Pablo Monsivais, PhD, MPH
Department of Nutrition and Exercise Physiology
BA, University of Texas, Austin
PhD, University of Washington, Seattle
MPH, University of Washington, Seattle
After doctoral and post-doctoral training in neuroscience and physiology at the University of Washington and University College London, I returned to the UW to retrain in nutrition and public health in 2004. Between 2007 and 2011, I conducted behavioral and epidemiologic research on food choices, diet and health at the UW’s Centre for Public Health Nutrition in the School of Public Health, first as a postdoctoral fellow in behavioral sciences and then as an acting assistant professor in the Department of Epidemiology. From 2011 to 2017 I was Senior University Lecturer (= associate professor) at the University of Cambridge Centre for Diet and Activity Research where I led a research group focused social and behavioral epidemiology.
In the USA and other higher-income countries, there are profound socioeconomic inequalities in eating habits, obesity and chronic disease. My research aims to identify the social and behavioral determinants of diet and obesity in order to inform policies to improve dietary public health and reduce inequalities. Below are some of the themes in my research program.
Food prices and the economics of healthy eating
There is no such thing as a free lunch, and although some foods are both cheap and nutritious, research indicates that eating a healthier diet tends to cost more for consumers. But food prices aren’t the only economic issue. Being pinched for time can undermine healthy eating and other healthy habits. Also, financial security, and employment-related factors can have an impact on food choices and diet quality.
Social and neighborhood environments
Human health is shaped by social context, particularly, social relationships with family, friends and colleagues. Our research is starting to indicate how these social ties can support healthy eating habits and also provide an important buffer to economic adversity. Also important are the neighborhoods where we live and work. Neighborhoods differ in many ways, including the number and type of food outlets they contain. Our research has found that these neighborhood differences are associated with people’s eating habits and obesity.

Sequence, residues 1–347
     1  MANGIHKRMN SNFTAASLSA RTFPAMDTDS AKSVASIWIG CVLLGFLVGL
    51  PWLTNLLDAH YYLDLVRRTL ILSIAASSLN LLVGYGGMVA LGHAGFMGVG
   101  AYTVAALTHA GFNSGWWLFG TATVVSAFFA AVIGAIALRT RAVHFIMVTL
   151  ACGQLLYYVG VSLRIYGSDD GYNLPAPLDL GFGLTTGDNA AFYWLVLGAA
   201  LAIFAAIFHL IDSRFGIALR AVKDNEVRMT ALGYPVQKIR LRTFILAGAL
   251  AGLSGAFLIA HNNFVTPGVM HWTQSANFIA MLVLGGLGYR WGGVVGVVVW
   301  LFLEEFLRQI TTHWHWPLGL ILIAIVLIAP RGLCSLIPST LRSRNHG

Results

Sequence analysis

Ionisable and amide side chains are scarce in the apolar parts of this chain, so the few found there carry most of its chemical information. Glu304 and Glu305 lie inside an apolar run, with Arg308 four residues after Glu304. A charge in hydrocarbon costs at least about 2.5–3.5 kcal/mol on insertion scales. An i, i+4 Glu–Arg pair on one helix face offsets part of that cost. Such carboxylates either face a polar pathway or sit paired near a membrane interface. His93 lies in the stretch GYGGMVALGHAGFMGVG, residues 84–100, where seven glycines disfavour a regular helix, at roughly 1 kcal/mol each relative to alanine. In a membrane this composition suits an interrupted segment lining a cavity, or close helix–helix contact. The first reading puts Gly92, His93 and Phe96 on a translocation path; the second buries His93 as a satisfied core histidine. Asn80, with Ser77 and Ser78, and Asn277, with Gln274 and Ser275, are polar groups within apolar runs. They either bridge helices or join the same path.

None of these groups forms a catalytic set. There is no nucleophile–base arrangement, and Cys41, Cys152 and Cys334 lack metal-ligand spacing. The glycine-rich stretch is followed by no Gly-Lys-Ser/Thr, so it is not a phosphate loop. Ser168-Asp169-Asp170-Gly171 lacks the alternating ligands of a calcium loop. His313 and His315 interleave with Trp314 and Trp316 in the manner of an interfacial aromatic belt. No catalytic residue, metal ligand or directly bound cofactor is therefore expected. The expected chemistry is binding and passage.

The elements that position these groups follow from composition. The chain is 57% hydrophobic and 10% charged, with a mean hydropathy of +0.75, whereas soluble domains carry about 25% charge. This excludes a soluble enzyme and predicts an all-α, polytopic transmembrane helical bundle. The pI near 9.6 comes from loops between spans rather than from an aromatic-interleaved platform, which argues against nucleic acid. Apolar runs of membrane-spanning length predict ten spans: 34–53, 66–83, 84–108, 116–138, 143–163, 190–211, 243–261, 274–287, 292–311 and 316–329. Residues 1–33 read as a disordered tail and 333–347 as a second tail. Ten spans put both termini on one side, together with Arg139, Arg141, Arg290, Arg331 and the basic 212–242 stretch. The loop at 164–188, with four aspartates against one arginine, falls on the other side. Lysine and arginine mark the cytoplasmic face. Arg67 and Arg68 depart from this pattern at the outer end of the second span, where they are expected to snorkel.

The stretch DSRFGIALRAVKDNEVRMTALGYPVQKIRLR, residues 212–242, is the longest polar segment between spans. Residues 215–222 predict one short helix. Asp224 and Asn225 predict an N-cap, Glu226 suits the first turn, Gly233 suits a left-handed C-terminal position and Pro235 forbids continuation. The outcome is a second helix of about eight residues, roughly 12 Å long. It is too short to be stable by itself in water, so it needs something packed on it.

Evaluation of local policies
Another area of my research is in measuring the effects of nutrition and public health programs and interventions on food consumption and the nutritional quality of the diet. For example, we have studied how reimbursement rates to child care providers influences the type and nutritional quality of food served to preschool-aged children. We are also interested in studying the impacts of programs to improve food access and reduce food insecurity. Finally, using existing data, we are using modeling and other analytical approaches to identify cost-sensitive ways of improving nutrition at the population level.
Research to policy and practice
Public health research has little value if it isn’t made accessible to the community and to professionals involved in practice and policy. I am interested in serving the local community and public health professionals with expert advice and also in partnering with community groups and public health professionals on research projects and other activities of mutual interest.
Teaching and Training
I am experienced in teaching, mentoring and supervising students at the masters and PhD level. My teaching covers a range of topics including research methods (NEP 520), nutritional epidemiology (NEP 526), and principles of population health (NEP 481).
About Pablo Monsivais
Dr. Monsivais an Associate Professor in the Department of Nutrition and Exercise Physiology. His research on the social and behavioral epidemiology of food consumption and obesity is aimed at identifying population-level drivers of social inequalities in diet and health.